The newspaper reported Sunday its analysis of confidential records found the organization paid a price for its long-running stand against performing background checks into prospective troop leaders.
Unlike many other volunteer groups dealing with minors, the BSA opposed background checks on the grounds they were expensive and provided a false sense of security, the Times said. There were also concerns the checks would discourage adults from volunteering.
At the same time, however, the lax security seemed to allow men with checkered pasts to become involved, the report said. Records reviewed by the Times found 230 men became leaders between 1985-1991 despite records of arrests or convictions on sex charges involving minors.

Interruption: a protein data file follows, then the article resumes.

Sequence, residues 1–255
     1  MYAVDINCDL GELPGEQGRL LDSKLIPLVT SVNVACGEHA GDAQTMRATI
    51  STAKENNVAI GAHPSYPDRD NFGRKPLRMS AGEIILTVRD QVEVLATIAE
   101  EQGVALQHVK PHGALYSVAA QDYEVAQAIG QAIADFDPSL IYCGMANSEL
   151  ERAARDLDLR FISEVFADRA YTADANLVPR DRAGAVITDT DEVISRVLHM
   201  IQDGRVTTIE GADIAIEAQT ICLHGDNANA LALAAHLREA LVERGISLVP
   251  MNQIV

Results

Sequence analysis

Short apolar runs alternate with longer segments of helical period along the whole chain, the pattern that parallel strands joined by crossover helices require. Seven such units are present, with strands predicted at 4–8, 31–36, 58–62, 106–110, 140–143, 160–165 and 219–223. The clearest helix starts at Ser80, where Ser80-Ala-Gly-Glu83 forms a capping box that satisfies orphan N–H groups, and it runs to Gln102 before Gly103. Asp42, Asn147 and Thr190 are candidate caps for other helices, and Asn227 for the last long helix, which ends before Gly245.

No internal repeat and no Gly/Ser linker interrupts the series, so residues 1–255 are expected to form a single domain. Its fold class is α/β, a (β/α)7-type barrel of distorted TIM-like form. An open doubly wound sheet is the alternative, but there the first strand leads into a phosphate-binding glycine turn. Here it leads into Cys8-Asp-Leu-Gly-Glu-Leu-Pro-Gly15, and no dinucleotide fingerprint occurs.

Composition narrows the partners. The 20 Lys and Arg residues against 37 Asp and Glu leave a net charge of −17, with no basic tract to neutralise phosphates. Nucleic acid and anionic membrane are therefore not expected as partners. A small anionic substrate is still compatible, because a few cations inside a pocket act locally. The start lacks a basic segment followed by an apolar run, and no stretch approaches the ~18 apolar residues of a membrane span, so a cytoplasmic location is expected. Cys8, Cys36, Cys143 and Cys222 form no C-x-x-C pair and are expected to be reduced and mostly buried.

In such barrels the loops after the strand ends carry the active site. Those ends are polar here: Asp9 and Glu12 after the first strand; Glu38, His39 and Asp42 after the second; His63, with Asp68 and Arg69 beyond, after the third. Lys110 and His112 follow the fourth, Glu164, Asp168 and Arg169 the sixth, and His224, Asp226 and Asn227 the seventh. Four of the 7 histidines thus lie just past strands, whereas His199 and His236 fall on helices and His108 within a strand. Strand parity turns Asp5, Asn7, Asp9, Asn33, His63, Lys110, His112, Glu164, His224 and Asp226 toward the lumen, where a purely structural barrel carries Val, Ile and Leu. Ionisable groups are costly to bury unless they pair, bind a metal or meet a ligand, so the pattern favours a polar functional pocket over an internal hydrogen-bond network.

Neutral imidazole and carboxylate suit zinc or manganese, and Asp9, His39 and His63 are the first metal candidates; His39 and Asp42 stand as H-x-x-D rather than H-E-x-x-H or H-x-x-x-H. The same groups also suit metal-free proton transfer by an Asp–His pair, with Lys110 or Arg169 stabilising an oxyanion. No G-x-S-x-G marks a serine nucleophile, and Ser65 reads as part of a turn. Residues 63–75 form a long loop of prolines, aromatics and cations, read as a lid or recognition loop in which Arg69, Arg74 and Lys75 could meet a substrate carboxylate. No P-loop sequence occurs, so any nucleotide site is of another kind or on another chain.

The same individuals were accused of molesting more than 400 boys while in scouting.
The BSA ignored repeated demands from parents to improve its vetting process, the newspaper said.
BSA told the Times in a written statement its precautions had been improved in recent years.
"Numerous independent experts have recognized that our programs for protecting Scouts from abuse are among the best in the youth-serving community," the statement said.